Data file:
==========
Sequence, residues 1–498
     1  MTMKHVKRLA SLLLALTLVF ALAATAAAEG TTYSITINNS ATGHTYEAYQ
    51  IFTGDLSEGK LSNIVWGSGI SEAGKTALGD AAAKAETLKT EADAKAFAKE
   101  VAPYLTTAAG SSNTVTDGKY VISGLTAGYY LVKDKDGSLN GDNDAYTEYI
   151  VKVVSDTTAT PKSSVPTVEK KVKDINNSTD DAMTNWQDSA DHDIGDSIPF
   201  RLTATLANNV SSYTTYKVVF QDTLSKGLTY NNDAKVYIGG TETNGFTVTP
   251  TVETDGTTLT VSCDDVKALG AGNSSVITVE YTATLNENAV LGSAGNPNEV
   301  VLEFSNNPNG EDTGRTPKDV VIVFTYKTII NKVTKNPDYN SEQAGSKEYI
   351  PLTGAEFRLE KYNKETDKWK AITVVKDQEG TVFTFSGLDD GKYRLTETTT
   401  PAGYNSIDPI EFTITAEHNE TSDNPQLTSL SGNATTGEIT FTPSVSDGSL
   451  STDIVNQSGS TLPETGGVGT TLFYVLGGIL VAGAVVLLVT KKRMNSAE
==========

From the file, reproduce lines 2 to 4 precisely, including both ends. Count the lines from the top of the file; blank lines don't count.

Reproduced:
     1  MTMKHVKRLA SLLLALTLVF ALAATAAAEG TTYSITINNS ATGHTYEAYQ
    51  IFTGDLSEGK LSNIVWGSGI SEAGKTALGD AAAKAETLKT EADAKAFAKE
   101  VAPYLTTAAG SSNTVTDGKY VISGLTAGYY LVKDKDGSLN GDNDAYTEYI